FIG. 8 shows an embodiment wherein an illuminating system of microscopes is used, wherein an output beam of illuminating light source 19 is focused with lens 20 and is made incident to mirror 22 through the iris of light source 21. This incident beam is reflected by mirror 22 and is then made incident on lens 24 through the iris of condenser 23. Light transmitted through lens 24 illuminates sample position 25 and is finally made incident to lens 29 through lenses 26 and 27 and field stop 28,respectively, and is then observed.
The operation of the embodiment of FIG. 8 is as follows. Since an image located in the position of the iris of light source 21 is formed on sample position 25, the apertures, such as slit arry 10, are provided in the position of the iris of the light source. Since the image of the apertures, such as slit array 10, is projected on sample position 25 in the foregoing manner, observation of the image using an ordinary ocular device or camera makes it possible to easily change an ordinary microscope into a confocal system. Although FIG. 8 illustrates a microscope having an illuminating system of transmitted light illumination, this concept is also applicable to an illuminating system of reflected lumination.
In FIGS. 3(A) and 7, the system has a configuration wherein the beam transmitted through slit array 10 is made incident on beam splitter 11 or polarized beam splitter 17. However, it may have the configuration shown in FIG. 9. The difference between the embodiments of FIGS. 9 and 3(A) is that in FIG. 9 the beam splitter 11 is located between light source 8 and slit array 10, whereas in FIG.3(A), the beam splitter 11 is located between slit array 10 and sample 13. In addition, lens 30 becomes necessary in FIG. 9 to focus the branched light on CCD camera 14.
As described above, when the shapes between the slits are to be measured, the images between the slits are interpolated by composing cross sectional images obtained by moving slits in a direction orthogonal to the optical axis. This is because the distance between the slits is made to be about twice the width of the Airy first dark band or more to suppress interference between adjacent slits. However, the following method can also be used for this purpose.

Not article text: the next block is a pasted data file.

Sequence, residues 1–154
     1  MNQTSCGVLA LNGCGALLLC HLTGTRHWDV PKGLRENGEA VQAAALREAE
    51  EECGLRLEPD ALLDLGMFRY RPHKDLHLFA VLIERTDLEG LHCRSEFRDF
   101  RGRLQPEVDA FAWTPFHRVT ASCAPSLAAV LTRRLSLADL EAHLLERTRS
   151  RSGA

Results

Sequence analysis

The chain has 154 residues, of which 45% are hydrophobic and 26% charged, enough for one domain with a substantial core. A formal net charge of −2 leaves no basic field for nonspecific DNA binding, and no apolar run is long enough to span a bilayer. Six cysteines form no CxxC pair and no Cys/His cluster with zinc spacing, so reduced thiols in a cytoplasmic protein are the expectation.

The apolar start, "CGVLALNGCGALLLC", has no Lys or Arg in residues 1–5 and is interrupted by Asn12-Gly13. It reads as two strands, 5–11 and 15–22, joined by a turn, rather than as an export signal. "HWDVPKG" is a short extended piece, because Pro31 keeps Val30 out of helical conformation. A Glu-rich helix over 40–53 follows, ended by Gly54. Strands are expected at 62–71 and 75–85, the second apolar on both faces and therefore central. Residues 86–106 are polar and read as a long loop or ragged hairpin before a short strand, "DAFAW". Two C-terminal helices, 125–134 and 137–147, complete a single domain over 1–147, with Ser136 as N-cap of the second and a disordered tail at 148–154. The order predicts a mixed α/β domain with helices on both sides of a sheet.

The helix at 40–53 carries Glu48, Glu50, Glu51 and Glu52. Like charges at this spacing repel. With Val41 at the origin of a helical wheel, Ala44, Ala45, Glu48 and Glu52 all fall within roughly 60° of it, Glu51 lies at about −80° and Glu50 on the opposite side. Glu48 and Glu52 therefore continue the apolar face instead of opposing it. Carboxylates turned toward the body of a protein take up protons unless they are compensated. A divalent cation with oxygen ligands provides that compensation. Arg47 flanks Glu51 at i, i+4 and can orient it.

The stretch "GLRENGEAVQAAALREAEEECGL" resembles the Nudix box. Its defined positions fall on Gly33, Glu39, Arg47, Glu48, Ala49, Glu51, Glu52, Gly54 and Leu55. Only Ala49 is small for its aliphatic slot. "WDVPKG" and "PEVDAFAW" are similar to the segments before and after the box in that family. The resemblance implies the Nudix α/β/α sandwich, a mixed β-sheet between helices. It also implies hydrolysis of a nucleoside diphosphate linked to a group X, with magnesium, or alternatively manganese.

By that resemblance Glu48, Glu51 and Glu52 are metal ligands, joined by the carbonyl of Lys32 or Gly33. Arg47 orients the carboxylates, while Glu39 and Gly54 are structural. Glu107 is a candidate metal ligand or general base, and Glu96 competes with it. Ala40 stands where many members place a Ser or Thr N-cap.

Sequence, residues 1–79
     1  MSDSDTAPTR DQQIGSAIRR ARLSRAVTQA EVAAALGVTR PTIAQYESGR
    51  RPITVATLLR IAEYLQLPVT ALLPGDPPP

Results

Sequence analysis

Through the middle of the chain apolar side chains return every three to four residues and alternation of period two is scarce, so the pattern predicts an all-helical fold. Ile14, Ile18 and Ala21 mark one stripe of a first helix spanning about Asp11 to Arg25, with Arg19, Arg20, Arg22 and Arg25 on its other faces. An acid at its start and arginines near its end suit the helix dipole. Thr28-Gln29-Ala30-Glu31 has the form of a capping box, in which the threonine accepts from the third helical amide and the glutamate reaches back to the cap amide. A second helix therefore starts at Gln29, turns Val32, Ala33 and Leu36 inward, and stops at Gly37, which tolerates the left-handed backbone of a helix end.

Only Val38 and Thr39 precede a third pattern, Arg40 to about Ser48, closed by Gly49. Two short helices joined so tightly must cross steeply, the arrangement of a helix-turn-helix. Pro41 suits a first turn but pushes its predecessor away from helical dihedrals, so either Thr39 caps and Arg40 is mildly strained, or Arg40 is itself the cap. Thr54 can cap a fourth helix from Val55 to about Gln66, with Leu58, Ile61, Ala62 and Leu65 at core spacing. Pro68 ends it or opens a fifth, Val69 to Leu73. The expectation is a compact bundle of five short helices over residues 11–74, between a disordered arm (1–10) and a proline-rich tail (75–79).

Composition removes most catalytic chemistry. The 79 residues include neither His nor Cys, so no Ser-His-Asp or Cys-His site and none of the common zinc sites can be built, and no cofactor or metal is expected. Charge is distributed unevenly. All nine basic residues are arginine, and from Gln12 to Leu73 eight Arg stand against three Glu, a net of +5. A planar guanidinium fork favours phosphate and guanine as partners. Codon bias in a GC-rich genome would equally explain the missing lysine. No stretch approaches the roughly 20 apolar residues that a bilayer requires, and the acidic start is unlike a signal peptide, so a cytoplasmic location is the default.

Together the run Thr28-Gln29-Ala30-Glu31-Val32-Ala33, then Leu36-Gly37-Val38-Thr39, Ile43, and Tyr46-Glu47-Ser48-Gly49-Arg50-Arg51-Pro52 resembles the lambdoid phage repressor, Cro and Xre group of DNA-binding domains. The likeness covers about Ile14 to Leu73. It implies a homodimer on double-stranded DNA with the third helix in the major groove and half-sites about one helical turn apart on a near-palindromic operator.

As shown in FIG. 10, the slits to which different color filters are attached are located close to each other and the same color filters as relevant slits are also arranged on the CCD camera located on the photo detecting side. For example, in FIG. 10, red filters are attached to the slits marked A and D, a green filter to the slit marked B, and a blue filter to the slit marked C. Interpolation between slits becomes possible by performing data processing for each filter color on the cross sectional images obtained in such embodiment. Thus, spatial resolution is improved three fold. In addition, filter colors are not limited to these three colors, but, a similar effect can also be obtained by using color liquid crystals as color filters and by using a color CCD camera.
The invention is not limited to usage as microscopes. The shapes of large sized objects, such as mechanical parts,can also be measured using an ordinary camera lense in the place of the objective lens. Advantageously, this invention provides a confocal microscopic equipment which does not require scanning of an irradiating beam. In the invention, slit images are formed on the sample surface, and the focal positions, in which the maximum intensity of light is inputted to each pixel of the CCD camera, are determined, respectively. Moreover, advantageously, in the invention which uses incoherent light as an irradiating beam the resolution is improved because of the spectral light components of shorter wavelengths, such as blue color, or ultra violet light can be used, without generating speckle noise.
The foregoing description is illustrative of the principles of the invention. Numerous extensions and modifications thereof would be apparent to the worker skilled in the art. All such extensions and modifications are to be considered to be within the spirit and scope of the invention.